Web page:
Plan to subsidise rapid antigen tests to be discussed at National Cabinet meeting today

  • Published January 5, 2022

9 News, 5 January 2022

Australia's spiralling rapid antigen test crisis is expected to be the main item up for discussion when leaders meet at National Cabinet today.

Prime Minister Scott Morrison is tipped to propose a plan to subsidise the COVID-19 home testing kits as pressure mounts on the government to provide them for free.

Leaders will discuss whether the rapid tests should be made cheaper for low income earners and pensioners.

Last week, Mr Morrison promised to provide free rapid tests at already overwhelmed COVID-19 testing sites for people required to take a test, including close contacts.

However, the prime minister said he did not want to "undercut" suppliers by making them free for everyone.

Angry and frustrated Australians have been scrambling to find rapid test kits, with most retailers and pharmacies selling out almost as soon as more stock arrives.

Yesterday, the Australian Competition and Consumer Commission (ACCC) launched an investigation into complaints of price gouging as some sellers appear to be trying to take advantage of a desperate market.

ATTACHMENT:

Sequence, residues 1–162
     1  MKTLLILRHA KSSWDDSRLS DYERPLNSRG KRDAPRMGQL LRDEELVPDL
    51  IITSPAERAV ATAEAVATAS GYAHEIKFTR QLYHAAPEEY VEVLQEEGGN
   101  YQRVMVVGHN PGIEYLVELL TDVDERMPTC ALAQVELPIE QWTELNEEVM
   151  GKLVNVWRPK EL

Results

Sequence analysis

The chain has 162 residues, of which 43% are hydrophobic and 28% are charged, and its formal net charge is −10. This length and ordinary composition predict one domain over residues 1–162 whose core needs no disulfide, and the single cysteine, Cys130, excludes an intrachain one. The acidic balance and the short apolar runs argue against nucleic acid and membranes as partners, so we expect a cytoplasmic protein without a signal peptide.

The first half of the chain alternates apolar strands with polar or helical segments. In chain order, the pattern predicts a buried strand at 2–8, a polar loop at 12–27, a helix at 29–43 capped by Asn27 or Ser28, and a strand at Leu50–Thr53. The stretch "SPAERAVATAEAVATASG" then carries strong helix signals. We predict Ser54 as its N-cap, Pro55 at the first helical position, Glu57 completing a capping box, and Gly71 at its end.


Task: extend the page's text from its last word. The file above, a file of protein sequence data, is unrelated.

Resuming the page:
The ACCC has received more than 100 complaints from consumers about excessive prices being asked for rapid tests.

It comes as some convenience stores are offering rapid tests for sale through UberEats at inflated prices.

One shop has listed a two-pack of tests for $65. This is more than double the $30 they are listed for at major supermarkets and chemists.

"We won't be shy to name and shame suppliers and retailers we consider to be doing the wrong thing," ACCC Chair Rod Sims said.

Health Services Union National President Gerard Hayes told Today the government's rollout of rapid testing was ill-planned and it needed to intervene immediately to stop price gouging.

"Profiteering like this is exactly the same as looting," Mr Hayes said.

"We would take looting very seriously. We should be taking profiteering in a pandemic, in a crisis, equally as seriously.

"People should be named and shamed if they are going to make money out of people in the community who are struggling, it is just disgraceful.

"It is un-Australian."

Federal Opposition leader Anthony Albanese said yesterday the situation was a mess.

"Australians are being told you're on your own, go out and get a rapid antigen test, but they're not available in so many areas," Mr Albanese said.

"If people are lucky enough to find one, they're not affordable. And for many people that's simply pricing them out of access to that important health care.

"And of course, we have no action from the federal government when it comes to price gouging.

Labor has however stopped short of saying it would offer the tests to Australians for free, instead Mr Albanese said on Twitter they should be affordable.